A New Site: For QTPOC Mental Health Resources

QTPOC Mental Health Resources

A new site is launching that is combining resources and giving queer & trans people of color a chance to have a voice through art creation and essay writing.

Any assistance you can think of, whether it is sharing this post, liking it, or donating funds that go towards paying the editors, writers and artists would be amazing.

Thank you so much for reading, and sending you love.

Stephanie Ambroise

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earthquake

gas masks, metal rods cowered
underneath the pressure of overabundant
friction. my brother left old skin
behind, in the rubble.

the tremor of neurons, or hands, or lands
is cause for alarm (which is a tremor of neurons),
(which is the reverberation of slammed gates)
(which is the shiver of throat borne from a white, chalky epicenter)
(which is a shaky aorta the doesn’t affect him none)
(which is a shriek burst from quivering chords)

were there any casualties? Was anyone
stood beneath the frame of this felled house?
Even now, echoes escape esophagus
in the dark of night to meet a cold door
with slits that can do naught but disregard him.

no one bothers about the casualty that’s the disaster
hearts don’t reply “yes” when twitchy fingers knock
the blood from the wound that speaks does not get wiped
away. you’re simply left a statistic, with a name

and alone at night, the soundless crunch of toss
and turns, a body begging a bed for comfort.

-Stephanie Ambroise

low tide

i have not written anymore
gently tossed pebbles to the base of my lungs, i
pressed lips to trachae and thought “breathe”, just
to hear the tremor of imprisoned breath, feel
the helpless silence of gagged absence.

///

oceans swim, did you know? at low tide,
the waves forget for all the creatures bobbing
in her. she wonders how she is so tired among
all of this stagnancy, pregnant and never
birthing, a mother never crowned.

///

i have not written anymore
the last words i had were etched in my elbow
but that story has since eroded by the gentle waves
of depression, and i traded clack and scratch
for the sound from my lungs
pressed to my ear.

///

i am in a dark cave now, because the wise man
does not trust memory. you will not remember
if you’ve been moved or are moving. the barefoot feel
of a flower petal, the flower petals life beneath
the burning sun, the sun’s fear of it’s shine,
the stem who pushes pushes pushes away the gravity
wet soil, compact and hungry for purpose, the comforted
wormed ripped by the child who screams. the mother,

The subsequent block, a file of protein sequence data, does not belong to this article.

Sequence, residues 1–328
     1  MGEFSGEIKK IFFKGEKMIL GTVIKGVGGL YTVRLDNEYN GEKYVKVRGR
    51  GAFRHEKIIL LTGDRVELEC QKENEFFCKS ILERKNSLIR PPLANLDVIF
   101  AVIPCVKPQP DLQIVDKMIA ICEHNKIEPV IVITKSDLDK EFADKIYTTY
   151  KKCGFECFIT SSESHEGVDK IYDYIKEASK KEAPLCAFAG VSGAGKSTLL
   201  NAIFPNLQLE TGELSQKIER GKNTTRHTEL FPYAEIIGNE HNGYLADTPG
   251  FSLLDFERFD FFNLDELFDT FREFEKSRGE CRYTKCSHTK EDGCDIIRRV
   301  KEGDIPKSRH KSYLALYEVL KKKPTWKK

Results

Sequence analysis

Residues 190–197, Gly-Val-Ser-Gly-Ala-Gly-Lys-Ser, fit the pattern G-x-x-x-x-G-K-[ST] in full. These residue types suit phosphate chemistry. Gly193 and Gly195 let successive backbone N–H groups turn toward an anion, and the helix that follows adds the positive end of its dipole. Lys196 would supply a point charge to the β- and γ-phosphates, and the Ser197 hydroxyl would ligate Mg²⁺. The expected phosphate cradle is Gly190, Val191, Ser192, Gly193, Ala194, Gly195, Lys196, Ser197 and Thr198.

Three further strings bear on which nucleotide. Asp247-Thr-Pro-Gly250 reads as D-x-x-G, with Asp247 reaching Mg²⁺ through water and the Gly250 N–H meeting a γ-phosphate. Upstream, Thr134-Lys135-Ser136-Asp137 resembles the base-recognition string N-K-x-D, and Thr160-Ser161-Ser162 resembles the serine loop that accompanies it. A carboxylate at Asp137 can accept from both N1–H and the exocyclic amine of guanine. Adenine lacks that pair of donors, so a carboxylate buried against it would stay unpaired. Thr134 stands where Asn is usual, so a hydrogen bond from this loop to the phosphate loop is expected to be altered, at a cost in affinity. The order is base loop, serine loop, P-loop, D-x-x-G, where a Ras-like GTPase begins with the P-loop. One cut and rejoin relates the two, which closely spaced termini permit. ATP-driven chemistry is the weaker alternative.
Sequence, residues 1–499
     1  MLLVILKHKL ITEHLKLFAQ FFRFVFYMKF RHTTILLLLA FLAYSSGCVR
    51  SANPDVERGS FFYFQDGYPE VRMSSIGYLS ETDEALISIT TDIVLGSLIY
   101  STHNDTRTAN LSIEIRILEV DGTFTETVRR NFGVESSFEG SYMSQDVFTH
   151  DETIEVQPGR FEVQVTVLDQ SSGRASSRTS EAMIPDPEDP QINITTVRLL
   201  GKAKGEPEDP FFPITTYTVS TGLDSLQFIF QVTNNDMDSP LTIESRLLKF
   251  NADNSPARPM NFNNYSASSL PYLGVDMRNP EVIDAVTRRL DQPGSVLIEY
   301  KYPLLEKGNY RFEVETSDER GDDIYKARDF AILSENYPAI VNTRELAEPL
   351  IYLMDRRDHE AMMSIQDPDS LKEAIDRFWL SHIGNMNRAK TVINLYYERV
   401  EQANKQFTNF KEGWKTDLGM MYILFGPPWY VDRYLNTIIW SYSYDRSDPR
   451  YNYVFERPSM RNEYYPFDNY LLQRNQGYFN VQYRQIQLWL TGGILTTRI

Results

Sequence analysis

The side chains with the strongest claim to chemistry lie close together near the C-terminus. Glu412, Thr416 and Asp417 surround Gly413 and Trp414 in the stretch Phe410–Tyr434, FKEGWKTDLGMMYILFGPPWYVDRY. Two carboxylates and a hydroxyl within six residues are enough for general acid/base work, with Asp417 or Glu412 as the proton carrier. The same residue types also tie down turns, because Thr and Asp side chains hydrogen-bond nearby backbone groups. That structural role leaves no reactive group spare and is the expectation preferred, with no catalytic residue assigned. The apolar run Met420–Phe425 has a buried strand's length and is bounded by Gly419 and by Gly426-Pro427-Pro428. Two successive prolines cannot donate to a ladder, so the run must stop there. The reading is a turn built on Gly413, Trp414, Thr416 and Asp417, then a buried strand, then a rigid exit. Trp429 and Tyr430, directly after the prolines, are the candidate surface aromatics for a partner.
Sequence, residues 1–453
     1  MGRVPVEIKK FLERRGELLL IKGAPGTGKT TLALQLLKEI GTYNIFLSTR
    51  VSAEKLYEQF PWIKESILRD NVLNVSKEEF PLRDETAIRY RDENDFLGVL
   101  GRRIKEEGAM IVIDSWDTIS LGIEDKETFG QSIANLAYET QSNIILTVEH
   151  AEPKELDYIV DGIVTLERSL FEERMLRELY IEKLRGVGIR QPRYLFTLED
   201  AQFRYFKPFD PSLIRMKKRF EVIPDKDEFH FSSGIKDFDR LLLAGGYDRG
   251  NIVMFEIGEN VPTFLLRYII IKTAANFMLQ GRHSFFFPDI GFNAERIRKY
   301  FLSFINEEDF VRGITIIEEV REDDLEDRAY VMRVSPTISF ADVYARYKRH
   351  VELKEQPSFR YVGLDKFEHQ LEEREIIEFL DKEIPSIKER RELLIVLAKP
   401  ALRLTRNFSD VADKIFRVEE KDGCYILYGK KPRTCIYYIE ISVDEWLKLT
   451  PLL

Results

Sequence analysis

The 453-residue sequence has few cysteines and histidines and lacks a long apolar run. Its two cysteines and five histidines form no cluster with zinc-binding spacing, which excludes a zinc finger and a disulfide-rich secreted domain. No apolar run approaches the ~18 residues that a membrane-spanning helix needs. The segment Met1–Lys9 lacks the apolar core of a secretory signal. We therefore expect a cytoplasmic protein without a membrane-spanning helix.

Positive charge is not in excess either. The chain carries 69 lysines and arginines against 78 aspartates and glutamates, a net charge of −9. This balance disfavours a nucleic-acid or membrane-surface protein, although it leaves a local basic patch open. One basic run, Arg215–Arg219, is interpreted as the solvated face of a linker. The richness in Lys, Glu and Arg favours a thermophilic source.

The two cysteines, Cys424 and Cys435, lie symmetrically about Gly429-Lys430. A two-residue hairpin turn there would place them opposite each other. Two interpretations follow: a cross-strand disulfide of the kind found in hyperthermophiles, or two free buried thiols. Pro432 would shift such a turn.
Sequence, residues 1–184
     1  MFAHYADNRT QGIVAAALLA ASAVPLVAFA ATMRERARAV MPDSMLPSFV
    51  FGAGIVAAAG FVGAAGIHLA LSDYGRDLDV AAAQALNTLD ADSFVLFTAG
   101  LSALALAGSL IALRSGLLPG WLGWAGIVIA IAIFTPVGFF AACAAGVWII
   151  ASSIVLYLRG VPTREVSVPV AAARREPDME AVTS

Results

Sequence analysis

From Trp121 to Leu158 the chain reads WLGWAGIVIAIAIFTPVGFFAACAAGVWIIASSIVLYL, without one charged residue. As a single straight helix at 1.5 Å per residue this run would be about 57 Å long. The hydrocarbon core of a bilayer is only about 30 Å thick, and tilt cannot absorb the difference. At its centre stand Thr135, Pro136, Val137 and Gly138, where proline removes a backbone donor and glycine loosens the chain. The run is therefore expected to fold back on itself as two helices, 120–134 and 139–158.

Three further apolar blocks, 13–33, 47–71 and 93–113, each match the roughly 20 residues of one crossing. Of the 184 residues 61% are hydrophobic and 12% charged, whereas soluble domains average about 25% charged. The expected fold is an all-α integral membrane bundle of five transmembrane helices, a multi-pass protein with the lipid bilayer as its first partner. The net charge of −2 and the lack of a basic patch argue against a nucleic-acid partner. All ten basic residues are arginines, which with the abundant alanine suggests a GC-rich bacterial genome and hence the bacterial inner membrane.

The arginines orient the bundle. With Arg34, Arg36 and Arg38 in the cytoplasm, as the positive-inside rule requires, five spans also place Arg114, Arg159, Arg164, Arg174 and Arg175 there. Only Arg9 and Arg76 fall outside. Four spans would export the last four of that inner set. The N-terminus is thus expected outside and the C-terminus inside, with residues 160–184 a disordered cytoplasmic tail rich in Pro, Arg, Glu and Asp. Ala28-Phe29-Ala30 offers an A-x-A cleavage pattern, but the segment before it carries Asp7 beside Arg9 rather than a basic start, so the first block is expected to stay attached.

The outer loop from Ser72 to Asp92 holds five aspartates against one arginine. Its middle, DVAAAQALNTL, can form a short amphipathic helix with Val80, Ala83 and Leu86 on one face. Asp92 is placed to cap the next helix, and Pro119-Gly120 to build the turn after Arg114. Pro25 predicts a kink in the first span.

moved and moving.

even if you only have images, you must
carve.

-Stephanie Ambroise

for the gongs

this poem is a belly’s crack
from the atmospheric weight of lack.
this poem is the last pushy exhale
of dusk turning away the eye of the sun,
this poem forgot about me,
then dressed me
in forgiveness its neglect


it takes everything in me to birth
nothing. how does the poet’s
fingertips commit to the task of squeezing
wetness from your lips, desperate
for you to sample the dryness
of an empty well’s thirst to be
needed?

an abusive lover once asked me,
“why won’t you let me love you”

and i spent my days in rewind,
in hopes that my mouth could
breathe out the sound of crowns of dead grass’
scratch against burdened stone

it is the moment you write
and realize your pen
is out of ink. the grind
in halt. the subtle
friction of absence

i take in breath to every crevice,
every bend of body, to blood to atom,
the singers of change, of time, experience,
the every expansive and intangible

the closest view has the more visible holes.
and me is not as connected to i as
we think we are,
like both black hole and star
still… blinded by the role of light
assigned to me, i can’t
escape the inevitable bend
and break of my
own entrapment

empty houses hold homeless sounds
and dust without genealogy
defined floating in gasps of light
succumb to emptiness and voyeurs’ awe

i say to them, “i understand, i understand”.

on the better days, there
are
tears and silence.
drones that survey.
never drop.

-stephanie ambroise

A Failure of Tongues

In dialogue with “Poem”, by Lucy Ives

it’s hard to describe at times,
how you didn’t know barnacles moved
or how they could find habitat in the underside of your skin,
how you can actually feel like the number zero,
not worthless, but nothing,
which is different than worthless
and naught like peace.

how your fingers will snatch at air
to shove life back down your throat and miss
for ten minutes, how you can drown
from just an inch of another’s anger,
how a flush of oxygen isn’t always safe.

it’s hard to describe sometimes
it’s hard to describe, sometime
it’s hard to describe, sometimes
(especially to my own people)
how the body can know the song by heart
and still sometimes sway offbeat.

© Stephanie Ambroise 2015 All Rights Reserved